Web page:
“Last time we talked he said something about his devices registering an energy spike. If you can find something about that…” Elm turned around and picked up a stack of papers, sifting through it.

«Oh god, please don’t let Sonia end up like this!» I thought as I exchanged again a worried glance with Leon. The mechanical spinning in the room's corner got louder again. Leon sat down on a box and picked up an alibi stack of paper while keeping his eyes on Elm.

“So, an energy spike, huh?” Leon asked casually, while I made my way over to Rotom and its machine.

“Yes, I’m pretty sure he wanted to show me those measurements. Hattori can become quite excitable whenever he finds something,” the man went on.

I knelt down beside the humming machines. There were two of them, as big as a fridge and even though fans were cooling the things, they emitted quite the heat. “Rotom, what are you doing?” I whispered.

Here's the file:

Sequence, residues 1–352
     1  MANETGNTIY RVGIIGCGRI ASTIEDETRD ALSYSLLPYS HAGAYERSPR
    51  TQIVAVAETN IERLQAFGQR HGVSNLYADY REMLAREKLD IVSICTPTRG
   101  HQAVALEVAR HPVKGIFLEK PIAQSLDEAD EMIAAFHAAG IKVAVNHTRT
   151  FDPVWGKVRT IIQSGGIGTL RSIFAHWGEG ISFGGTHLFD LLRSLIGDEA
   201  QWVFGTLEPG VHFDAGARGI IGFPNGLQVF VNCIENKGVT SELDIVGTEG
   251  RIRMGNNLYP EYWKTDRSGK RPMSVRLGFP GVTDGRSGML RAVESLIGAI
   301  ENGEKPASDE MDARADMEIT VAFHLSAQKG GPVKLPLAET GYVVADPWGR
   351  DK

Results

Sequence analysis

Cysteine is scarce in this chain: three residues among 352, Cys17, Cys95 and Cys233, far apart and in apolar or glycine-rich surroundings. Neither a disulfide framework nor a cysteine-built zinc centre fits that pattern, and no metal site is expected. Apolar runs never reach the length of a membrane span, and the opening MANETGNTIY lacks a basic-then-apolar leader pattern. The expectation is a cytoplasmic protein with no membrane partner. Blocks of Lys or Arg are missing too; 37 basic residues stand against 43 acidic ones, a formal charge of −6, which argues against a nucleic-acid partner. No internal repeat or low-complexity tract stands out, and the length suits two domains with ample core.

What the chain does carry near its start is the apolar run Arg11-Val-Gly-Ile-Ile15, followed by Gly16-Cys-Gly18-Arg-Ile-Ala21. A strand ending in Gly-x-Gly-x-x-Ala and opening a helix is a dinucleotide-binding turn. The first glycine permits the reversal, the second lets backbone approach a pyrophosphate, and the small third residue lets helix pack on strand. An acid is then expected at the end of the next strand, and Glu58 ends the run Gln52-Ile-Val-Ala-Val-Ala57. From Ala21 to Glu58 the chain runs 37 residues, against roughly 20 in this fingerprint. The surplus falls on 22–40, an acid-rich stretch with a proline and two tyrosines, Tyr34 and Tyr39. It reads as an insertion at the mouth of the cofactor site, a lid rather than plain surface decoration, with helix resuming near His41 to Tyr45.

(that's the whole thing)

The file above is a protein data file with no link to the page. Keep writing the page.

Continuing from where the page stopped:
“I’m helping you, of course,” a voice somewhere within the machine said.

“How? What is this even?”

“Magnetic tape drives, Hana! To think that I’d ever see something like this! This is so vintage!” Rotom was very excited. When it saw the confusion on my face, I was sure I heard a machine sigh. “Just think of it as an ancient computer. He’s also using a voice recorder. The last cassette in here says he wanted to investigate rumours of pokemon behaving strangely in the Dark Cave.”

“Wow.” I was speechless. That was actually really helpful. I thought for a moment. “Is there anything in there about that guy?” I pointed my head to Elm, who was now telling Leon in vivid detail about his research work.